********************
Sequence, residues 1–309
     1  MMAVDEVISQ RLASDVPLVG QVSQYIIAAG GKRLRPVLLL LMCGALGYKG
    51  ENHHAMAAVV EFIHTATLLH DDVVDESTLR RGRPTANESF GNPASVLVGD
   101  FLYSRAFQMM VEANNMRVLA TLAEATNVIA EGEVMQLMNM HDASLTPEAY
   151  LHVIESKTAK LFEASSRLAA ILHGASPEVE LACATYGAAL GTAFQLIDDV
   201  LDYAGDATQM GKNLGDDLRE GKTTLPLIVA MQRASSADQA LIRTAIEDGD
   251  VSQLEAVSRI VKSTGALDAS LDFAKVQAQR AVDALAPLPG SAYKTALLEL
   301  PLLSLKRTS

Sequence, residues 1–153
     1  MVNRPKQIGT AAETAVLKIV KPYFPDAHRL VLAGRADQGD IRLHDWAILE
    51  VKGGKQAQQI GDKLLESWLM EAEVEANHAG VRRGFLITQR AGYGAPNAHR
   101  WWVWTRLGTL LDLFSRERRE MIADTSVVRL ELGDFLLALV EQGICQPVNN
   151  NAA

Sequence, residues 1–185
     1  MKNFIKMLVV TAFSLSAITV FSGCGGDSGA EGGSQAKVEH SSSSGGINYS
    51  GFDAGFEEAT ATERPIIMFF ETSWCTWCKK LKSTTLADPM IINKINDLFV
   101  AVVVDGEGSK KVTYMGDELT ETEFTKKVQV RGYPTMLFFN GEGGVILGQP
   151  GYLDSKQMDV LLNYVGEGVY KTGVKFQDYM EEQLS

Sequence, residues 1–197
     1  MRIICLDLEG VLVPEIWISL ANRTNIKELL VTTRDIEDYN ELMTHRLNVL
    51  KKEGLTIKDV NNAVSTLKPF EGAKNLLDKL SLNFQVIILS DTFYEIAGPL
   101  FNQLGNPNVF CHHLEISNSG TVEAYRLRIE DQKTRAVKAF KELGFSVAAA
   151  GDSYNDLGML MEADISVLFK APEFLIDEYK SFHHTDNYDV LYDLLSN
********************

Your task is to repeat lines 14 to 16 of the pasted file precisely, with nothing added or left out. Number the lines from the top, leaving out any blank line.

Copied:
Sequence, residues 1–185
     1  MKNFIKMLVV TAFSLSAITV FSGCGGDSGA EGGSQAKVEH SSSSGGINYS
    51  GFDAGFEEAT ATERPIIMFF ETSWCTWCKK LKSTTLADPM IINKINDLFV